Ubuntu Jaunty Alpha 3 gave the option if using ext4 so I gave it a try on my experimental machine. There were already partitions for Win 98, Win XP, Intrepid, Kubuntu, and Jaunty Alpha 2. The new grub installed by alpha 3 worked fine but I wanted to reuse the menu.lst file in my Intrepid partition. I rebooted into the Intrepid partition and used the standard tricks with grub (see Win98, WinXP, and Intrepid Partitions to reinstall grub and point it to menu.lst in the Intrepid partition. I added the updated details for jaunty and rebooted. Big mistake. That version of grub didn’t work with ext4. Sigh. So I reinstalled Jaunty and simply modified its menu.lst based on the details in the Intrepid menu.lst that I wished to keep (e.g. the splash screen). Success. And now to start working with Jaunty (which is where I am posting this from).
I have managed to get the Logitech Quickcam Chat working under Ekiga and Cheese in Ubuntu Intrepid but at night time my images were very dark. And there was no way of adjusting the brightness.
The solution was found here: http://ubuntuforums.org/archive/index.php/t-984126.html. I installed v4l2ucp from http://www.debian-multimedia.org/dists/stable/main/binary-i386/package/v4l2ucp.php. Ran it from the terminal with the command v4l2upc and got a GUI. Exposure was the main setting I adjusted. The frame rate plummeted as the exposure increased (this thread suggests a direct link between the two) so I set it at the slowest frame rate that was satisfactory. I also found that spotlights do not light my face at all well and a side lamp makes the image much, much brighter, thus allowing a faster frame rate.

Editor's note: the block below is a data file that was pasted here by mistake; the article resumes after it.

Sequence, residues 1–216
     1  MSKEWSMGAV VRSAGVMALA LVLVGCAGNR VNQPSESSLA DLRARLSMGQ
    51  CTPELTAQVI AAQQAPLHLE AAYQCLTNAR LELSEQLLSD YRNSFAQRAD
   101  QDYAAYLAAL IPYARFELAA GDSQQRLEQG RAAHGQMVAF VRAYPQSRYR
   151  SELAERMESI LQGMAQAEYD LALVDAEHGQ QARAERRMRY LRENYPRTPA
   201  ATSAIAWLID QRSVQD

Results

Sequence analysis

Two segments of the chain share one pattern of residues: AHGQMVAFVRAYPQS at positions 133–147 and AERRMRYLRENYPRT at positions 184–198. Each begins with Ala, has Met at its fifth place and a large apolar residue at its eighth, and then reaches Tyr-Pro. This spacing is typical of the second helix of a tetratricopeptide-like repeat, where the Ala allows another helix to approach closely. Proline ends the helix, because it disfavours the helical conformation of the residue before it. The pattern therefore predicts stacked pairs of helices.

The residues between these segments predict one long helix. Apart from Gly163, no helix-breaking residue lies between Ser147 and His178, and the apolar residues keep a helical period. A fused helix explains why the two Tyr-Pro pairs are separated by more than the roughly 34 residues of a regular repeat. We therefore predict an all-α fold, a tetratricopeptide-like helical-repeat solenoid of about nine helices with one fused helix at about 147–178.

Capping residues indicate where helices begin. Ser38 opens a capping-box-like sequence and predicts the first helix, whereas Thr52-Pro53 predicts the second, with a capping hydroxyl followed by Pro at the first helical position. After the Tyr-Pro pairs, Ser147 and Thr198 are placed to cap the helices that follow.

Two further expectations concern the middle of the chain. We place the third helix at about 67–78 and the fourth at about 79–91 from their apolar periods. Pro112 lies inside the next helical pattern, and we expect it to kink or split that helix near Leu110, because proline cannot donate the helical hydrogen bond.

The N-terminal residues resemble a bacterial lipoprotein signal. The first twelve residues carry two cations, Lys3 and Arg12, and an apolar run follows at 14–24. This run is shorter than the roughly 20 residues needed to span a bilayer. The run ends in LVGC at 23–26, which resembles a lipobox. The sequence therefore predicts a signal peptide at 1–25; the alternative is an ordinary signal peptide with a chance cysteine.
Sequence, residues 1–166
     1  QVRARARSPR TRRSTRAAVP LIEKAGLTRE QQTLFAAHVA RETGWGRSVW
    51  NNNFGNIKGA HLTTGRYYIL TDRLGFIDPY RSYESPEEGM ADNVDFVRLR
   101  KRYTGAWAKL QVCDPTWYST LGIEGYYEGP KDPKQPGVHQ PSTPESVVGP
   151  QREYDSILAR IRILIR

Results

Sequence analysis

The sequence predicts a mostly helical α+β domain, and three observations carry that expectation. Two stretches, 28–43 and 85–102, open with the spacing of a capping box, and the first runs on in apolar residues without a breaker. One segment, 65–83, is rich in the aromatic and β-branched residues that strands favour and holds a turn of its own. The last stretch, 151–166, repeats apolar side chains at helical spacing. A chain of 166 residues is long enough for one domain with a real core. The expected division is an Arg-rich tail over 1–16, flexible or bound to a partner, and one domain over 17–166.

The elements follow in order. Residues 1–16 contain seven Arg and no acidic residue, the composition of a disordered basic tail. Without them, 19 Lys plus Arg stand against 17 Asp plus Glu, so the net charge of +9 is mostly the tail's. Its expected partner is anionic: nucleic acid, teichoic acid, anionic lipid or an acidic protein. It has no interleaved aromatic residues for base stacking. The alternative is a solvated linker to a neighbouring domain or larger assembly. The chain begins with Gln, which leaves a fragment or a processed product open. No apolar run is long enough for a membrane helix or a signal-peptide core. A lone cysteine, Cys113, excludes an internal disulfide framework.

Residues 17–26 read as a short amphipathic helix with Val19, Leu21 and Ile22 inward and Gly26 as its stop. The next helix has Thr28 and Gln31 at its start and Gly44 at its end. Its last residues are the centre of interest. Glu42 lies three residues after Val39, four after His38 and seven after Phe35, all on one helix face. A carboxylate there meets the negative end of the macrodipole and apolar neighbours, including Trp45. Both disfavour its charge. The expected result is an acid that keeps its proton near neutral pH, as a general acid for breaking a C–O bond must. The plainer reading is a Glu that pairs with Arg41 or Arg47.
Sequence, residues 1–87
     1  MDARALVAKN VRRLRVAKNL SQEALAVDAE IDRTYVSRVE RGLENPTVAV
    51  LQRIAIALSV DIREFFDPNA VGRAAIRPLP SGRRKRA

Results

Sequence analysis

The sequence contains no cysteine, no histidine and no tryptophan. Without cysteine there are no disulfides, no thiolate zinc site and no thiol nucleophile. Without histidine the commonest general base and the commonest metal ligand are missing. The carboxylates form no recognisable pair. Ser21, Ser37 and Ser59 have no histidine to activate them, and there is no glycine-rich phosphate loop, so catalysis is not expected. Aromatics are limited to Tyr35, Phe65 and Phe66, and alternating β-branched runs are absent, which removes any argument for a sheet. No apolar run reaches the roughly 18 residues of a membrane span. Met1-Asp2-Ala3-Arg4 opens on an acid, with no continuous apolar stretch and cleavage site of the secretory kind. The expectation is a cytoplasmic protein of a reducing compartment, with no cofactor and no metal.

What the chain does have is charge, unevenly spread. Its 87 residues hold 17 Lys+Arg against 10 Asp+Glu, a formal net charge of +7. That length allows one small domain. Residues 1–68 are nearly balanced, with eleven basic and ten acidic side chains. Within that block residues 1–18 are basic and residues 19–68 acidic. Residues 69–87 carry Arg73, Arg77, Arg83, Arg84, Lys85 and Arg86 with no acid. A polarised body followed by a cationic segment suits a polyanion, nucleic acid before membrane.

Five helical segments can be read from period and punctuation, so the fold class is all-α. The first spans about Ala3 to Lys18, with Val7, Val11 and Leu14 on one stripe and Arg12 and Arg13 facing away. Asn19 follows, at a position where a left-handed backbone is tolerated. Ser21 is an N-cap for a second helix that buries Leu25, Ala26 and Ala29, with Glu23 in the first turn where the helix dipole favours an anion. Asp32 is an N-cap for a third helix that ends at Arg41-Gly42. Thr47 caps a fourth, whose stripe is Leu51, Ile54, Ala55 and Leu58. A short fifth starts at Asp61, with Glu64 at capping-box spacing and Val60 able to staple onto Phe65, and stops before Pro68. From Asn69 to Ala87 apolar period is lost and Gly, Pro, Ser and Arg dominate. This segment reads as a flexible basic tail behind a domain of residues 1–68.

A friend needed to get into their work Citrix network from Ubuntu Hardy but they were stymied by instructions about installing an ICA Client for Linux. The fact that the login page had links to vastly out-of-date ICA clients for linux didn’t help. The latest ICA client can be found here: http://www.citrix.com/site/SS/downloads/details.asp?dID=2755&downloadID=3323&pID=186#top. Version 10.6 was the most recent I found. We got the .tar.gz version and we needed to unpack it somewhere and run setupwfc. The easiest way to do this was to create a folder under tmp:
Then open nautilus (the Gnome file manager) as superuser to make the other steps easy:
NB gksu not sudo when a graphical application
Unpack the tar.gz file e.g. en.linuxx86.tar.gz into /tmp/citrix
Then double click setupwfc and select Run in Terminal. Follow the defaults.
The final step is to enable the appropriate permissions:
sudo cp /usr/share/ca-certificates/mozilla/* /usr/lib/ICAClient/keystore/cacerts/
(Thanks to http://blog.torh.net/2008/02/29/problems-with-citrix-client-on-linux/ for that solution.
Just came across Better Python Console – which is a plugin for Gedit, the main text editor in Ubuntu. Think of it as being like IDLE. I use Eclipse with PyDev and the PyDev extension for heavy development and the console for anything quick and dirty.
Get the plugin, plus some basic info, here –
Remember, to work successfully, the betterpythonconsole needs the plugin file (“betterpythonconsole.gedit-plugin”) copied into the /usr/lib/gedit-2/plugins folder. The betterpythonconsole folder (containing 4 or so scripts only) needs to be there as well.
I couldn’t get any sound from the family/business computer’s Audigy 2 card under Ubuntu Intrepid. Strange – it worked under the dual boot Windows. And I was sure I had had it working before. The problem? Under Sound>Switches the Audigy Digital Jack was set to On. I set it off, made sure all the sound was set to AutoDetect, and rebooted. Voila – sound.